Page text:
“We are hardly incentivised to try to keep pushing-on, when we can’t procure the cattle, and any that we do buy, we show a big loss on.”

Mr Pratt confirmed that in reducing weekly throughput capacity at Dinmore and Beef City, the cost to operate, on a per beast basis, “certainly goes up.”

“Obviously these decisions have been difficult to make, but we’re hoping it may help us maintain rates of kill at other company facilities. But none of us know the future, and the way this (the current supply/demand environment) is going, it’s looking very, very grim for the industry, in the medium-term.”

“If we could see any blue sky – anywhere, in the foreseeable future – we would not be making these decisions,” he said.

In the face of severe stock shortage, slaughter cattle prices across eastern Australia have pushed to dizzying new record levels over the past six months. As reported in Beef Central’s weekly kill reports, competitive southeast Queensland slaughter grids this month have four-tooth grassfed ox at 570c/kg and heavy cow 525c/kg. This week last year, those same descriptions were worth 455c and 435c, respectively, on an already rising market, a change of anywhere from $280 to $400 a head.

At those purchase rates, and with an A$ sitting stubbornly above US75c, export processors from Victoria to Central Queensland are currently losing money hand-over-fist. One large Victorian processor last week told Beef Central his losses were around $300,000 per week, under current operating conditions.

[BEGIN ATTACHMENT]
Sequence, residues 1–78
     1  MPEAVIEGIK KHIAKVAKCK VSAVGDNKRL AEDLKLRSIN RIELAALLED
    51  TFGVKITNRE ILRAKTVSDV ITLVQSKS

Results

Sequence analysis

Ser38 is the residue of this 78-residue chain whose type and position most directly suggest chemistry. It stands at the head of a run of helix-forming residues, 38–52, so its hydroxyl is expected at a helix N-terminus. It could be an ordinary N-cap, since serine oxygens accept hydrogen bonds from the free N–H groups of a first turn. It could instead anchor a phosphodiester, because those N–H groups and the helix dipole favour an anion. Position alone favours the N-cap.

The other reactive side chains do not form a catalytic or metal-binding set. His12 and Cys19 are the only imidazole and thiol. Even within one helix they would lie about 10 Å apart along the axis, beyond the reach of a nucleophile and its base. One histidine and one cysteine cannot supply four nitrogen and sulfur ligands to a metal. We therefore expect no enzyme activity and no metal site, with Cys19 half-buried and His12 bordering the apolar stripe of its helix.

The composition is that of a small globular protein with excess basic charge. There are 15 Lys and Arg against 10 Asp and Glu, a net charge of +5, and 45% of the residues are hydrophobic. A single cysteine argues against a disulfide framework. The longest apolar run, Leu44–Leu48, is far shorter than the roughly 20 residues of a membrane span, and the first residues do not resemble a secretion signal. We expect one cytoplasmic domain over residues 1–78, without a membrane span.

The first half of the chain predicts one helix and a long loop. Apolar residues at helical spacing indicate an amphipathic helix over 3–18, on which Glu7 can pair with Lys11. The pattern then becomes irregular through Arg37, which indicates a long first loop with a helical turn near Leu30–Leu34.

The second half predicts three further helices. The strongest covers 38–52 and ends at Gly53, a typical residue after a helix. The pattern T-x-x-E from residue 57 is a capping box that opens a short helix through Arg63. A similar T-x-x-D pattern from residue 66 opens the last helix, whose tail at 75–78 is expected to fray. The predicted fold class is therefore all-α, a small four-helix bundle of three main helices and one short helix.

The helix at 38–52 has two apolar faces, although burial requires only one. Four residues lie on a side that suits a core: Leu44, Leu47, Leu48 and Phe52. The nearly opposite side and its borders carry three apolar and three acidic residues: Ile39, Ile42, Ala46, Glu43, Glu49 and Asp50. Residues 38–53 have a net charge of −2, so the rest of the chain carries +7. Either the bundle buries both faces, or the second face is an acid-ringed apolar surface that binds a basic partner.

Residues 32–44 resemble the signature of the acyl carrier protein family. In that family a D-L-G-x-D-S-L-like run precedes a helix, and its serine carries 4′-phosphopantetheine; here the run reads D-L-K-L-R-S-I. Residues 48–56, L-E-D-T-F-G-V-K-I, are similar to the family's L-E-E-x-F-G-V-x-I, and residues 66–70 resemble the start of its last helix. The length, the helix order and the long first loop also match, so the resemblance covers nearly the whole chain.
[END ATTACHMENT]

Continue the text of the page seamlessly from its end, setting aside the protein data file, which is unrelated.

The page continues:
Another large export processor, Teys Australia, in February announced redundancies at its Wagga NSW plant, as part of a wind-back in killing capacity to 1100 head per day. That followed a similar announcement a week earlier, regarding the company’s Lakes Creek plant near Rockhampton in Central Queensland.

Teys claims its Lakes Creek facility is one of the most efficient processing plants in Australia, employing more than 1100 workers at its peak last year, contributing $357 million to the local economy including $155 million in household income via wages, and supporting around 1300 additional jobs in the region.

August is now shaping up as a catastrophic month for cattle supply, processors say, and it may well force the hand of more companies to take drastic action on staffing levels to stem losses.

“Processors can sustain it for a period, but it gets to a point where more serious decisions need to be made. It costs less to close or reduce throughput for a period, than it does to kill cattle,” a Victorian processor contact said.

Beef Central reported a number of plant closures in Victoria in this article last week.

A number of southern plants are currently on, or will shortly take a ‘normal’ mid-winter seasonal closures, for ‘maintenance and upgrade’ purposes. Both Teys Naracoorte and NH Foods’ Wingham have two-week closures scheduled. Most southern export plants have killed four days, at best, over the past few weeks.




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  1. Shane Irwin, 10/09/2016

    I could have not said it better, Cilfford!

  2. cliffordnaylor, 16/07/2016

    Our beef price at the supermarket is through the roof ….our Beef is being sent off shore via live Exports ….people are finding “alternatives ” to steak or lamb …due to the horrendous Charges of these meat products …..and why on earth do we “Import Pork ” …?? the livestock industry needs to look at itself for long term solutions rather than these Volatile market swings …there has always been…more money in fast nickles rather than slow dimes ….. and we should STOP selling our land to foreign companies …we will lose OUR food security ……!!